By Abel Simão Amaro and Andrea Steuer Zago**

I - Introduction

Brazil has strict exchange controls, notwithstanding the fact that the most recent regulations enacted by the Central Bank of Brazil ("BACEN") are gradually reducing such exchange control. The Brazilian exchange market can be divided into two major segments: (a) a formal one, controlled by BACEN; and (b) the informal one, which is a less formal market, where individuals can freely buy and sell exchange, as long as they comply with certain identification requirements.

The controlled segment of the exchange market is said to be under the strict control of BACEN, since no exchange transactions can be carried out in such market unless they are expressly provided for, i.e., authorized by the regulations. Thus, the prevailing rule in the controlled market is that only exchange transactions which are included in the detailed list contained in the regulations are authorized.

The informal exchange market, which is a less controlled market, may be used by any person, whether a Brazilian resident or not. This informal exchange market derives basically from the fact that BACEN has authorized that any person, whether a Brazilian resident or not, may freely make international transfers of Brazilian currency ("Reais").

Although the exchange market is extremely controlled, importing transactions to Brazil are normally made in the currency of the exporter's country or in United States dollars. Such practice leads import transactions into a strict universe of possibilities to negotiate with.

The subject matter of importing in Reais is very complex, and was introduced in the Brazilian legal system on April 30, 1997 by means of Circular No. 2730 issued by BACEN, and it is also governed by the Official Report No. 21 issued by the Secretariat of Foreign Trade ("SECEX"). In order to be implemented, this kind of importation shall be payable in Reais, by means of a deposit expressed in Reais in a non-resident local currency deposit account, formerly known as "CC5" account, or by means of an international transfer of Brazilian currency, which is governed by Circular No. 2677 issued by BACEN on April, 10, 1996.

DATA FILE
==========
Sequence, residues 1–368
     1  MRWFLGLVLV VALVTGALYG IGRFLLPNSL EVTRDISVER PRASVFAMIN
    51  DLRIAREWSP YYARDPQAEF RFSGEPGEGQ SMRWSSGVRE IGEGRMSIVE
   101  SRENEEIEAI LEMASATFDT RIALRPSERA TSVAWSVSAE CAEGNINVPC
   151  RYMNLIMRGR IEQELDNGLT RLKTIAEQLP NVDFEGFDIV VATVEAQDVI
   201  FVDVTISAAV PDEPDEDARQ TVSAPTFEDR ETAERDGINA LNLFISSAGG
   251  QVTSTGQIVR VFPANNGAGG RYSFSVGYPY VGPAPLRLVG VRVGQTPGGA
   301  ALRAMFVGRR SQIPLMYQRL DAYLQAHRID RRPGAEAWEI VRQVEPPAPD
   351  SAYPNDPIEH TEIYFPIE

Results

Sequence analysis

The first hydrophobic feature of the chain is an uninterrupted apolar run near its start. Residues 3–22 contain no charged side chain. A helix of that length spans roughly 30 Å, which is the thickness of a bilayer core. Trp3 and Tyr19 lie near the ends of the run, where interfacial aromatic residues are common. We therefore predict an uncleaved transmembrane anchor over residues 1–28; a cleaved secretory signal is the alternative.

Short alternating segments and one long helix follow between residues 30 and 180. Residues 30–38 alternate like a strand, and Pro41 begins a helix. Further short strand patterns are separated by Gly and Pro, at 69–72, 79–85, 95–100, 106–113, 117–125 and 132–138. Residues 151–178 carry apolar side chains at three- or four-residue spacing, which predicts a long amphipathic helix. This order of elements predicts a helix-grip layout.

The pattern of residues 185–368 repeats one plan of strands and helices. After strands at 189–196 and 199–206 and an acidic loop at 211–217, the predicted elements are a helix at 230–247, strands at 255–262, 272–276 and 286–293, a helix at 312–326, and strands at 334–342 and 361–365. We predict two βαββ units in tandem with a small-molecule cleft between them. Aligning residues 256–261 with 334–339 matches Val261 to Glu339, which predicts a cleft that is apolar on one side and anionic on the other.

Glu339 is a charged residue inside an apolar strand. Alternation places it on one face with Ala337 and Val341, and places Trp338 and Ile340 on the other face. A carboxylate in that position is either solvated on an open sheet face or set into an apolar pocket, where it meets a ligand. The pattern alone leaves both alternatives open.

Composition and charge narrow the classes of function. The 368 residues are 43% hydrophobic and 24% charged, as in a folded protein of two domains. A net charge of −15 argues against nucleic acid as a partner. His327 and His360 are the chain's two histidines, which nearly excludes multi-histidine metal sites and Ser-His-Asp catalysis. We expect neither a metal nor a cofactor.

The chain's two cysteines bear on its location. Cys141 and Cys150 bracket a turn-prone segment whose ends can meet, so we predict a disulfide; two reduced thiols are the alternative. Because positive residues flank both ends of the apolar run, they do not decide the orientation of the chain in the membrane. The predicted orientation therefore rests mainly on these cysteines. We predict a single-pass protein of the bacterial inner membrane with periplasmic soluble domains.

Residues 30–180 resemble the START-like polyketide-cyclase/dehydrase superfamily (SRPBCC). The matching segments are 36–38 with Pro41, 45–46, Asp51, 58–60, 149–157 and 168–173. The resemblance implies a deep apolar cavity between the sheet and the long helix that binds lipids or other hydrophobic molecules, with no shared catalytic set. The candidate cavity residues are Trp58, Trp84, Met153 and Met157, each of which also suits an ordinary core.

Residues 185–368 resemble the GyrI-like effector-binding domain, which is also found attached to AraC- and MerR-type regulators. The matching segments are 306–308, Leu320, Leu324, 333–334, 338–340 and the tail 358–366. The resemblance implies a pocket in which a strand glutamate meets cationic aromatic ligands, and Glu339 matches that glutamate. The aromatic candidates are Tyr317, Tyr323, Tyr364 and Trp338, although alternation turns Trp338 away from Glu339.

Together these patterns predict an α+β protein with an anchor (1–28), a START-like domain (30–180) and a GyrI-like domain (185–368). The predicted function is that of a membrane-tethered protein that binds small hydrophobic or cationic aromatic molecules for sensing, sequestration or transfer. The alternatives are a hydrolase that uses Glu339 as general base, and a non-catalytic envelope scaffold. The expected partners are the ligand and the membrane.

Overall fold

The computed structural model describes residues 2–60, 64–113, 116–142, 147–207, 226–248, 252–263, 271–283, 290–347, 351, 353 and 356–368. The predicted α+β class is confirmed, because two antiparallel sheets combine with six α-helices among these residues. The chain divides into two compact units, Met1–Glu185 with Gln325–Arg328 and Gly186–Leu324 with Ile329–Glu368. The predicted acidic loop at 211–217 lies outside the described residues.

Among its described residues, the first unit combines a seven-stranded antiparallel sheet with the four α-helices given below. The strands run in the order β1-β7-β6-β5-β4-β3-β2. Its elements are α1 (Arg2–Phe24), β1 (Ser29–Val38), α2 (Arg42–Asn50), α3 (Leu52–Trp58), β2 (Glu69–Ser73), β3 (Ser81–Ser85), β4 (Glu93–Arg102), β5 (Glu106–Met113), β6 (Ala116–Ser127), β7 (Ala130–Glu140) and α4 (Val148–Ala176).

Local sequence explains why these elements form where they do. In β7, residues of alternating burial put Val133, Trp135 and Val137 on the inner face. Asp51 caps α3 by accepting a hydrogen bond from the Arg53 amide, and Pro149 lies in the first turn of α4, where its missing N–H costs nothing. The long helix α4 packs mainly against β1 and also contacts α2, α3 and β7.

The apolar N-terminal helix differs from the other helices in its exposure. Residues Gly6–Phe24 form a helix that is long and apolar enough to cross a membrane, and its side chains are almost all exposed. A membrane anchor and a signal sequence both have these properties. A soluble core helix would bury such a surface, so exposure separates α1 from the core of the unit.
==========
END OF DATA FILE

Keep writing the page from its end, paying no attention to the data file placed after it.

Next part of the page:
II - International Transfer of Brazilian Currency

Nowadays, there is no legal restriction imposed by the Brazilian government, limiting the entry and exit of Brazilian currency or any securities denominated in Reais into the Brazilian territory. Therefore, the entry or exit of funds in Reais is free, provided the origin of the money entering or leaving Brazil may be justified to BACEN.

Additionally, it is possible to perform any kind of payment in Reais in Brazil or abroad, for any reason (provided such payment does not result from an illicit act), as long as the creditor agrees to receive such payment in Reais and that the obligations of informing the Brazilian authorities of the operation are accomplished.

Pursuant to Article 19 of Decree No. 42.820 of December 16, 1957, transactions in Reais are not subject to any type of authorization of BACEN. However, if necessary, BACEN can establish restrictions, according to article 20 of the same Decree. So far, the Brazilian government has never imposed any such restrictions.

Presently, Circular No. 2.677 of April 10, 1996, issued by BACEN establishes the procedures and conditions applied to international transfers of Brazilian currency. Pursuant to Circular No. 2.677/96, whenever the value involved in an international transfer of Reais transaction is equivalent or superior to R$ 10.000,00 (ten thousand Reais), the financial institution authorized to operate in the exchange market which is performing such transaction has to:

a) identify the party responsible for the payments;
b) inform to BACEN the entry and exit of the funds;
c) ask the transferor to present the relevant documents justifying the deposit in the bank;
d) retain such documents to present to BACEN, if needed.

An international transfer of Reais transaction can be performed through a deposit in a non-resident account held in a bank in Brazil, or through the remittance to an account in Reais in another country (Uruguay, for instance). Once the funds are located outside Brazil, they can be converted into foreign currency, provided that such conversion is permitted by the applicable regulations of the elected jurisdiction (in the case of Uruguay, there is no exchange control and the conversion of Reais into any other currency can be made without any restriction whatsoever).

III - Non-Resident Local Currency Deposit Account

The non-resident local currency deposit account is presently regulated by Circular No. 2.677, of April 10, 1996, issued by BACEN. It is historically called CC5 account, because it was subject to the provisions of Circular Letter No.5 of February 27, 1969, which has been subsequently revoked.

Pursuant to Circular No. 2.677/96, non-residents are: (i) foreign governments or foreign organizations employees; (ii) foreigners who do not have a Brazilian permanent visa; (iii) Brazilian nationals who have domicile in another country; (iv) branches and subsidiaries of Brazilian companies incorporated outside Brazil; (v) branches of Brazilian financial institutions established outside Brazil and branches of foreign financial institutions in Brazil; and (vi) other entities established outside Brazil.

Circular No. 2.677/96 also establishes that (a) the entry of funds in the Country are debits made in non-residents' accounts, for payments to Brazilian residents, and (b) the exit of funds from the Country are credits made in non-residents' accounts, as a consequence of payments made by Brazilian residents.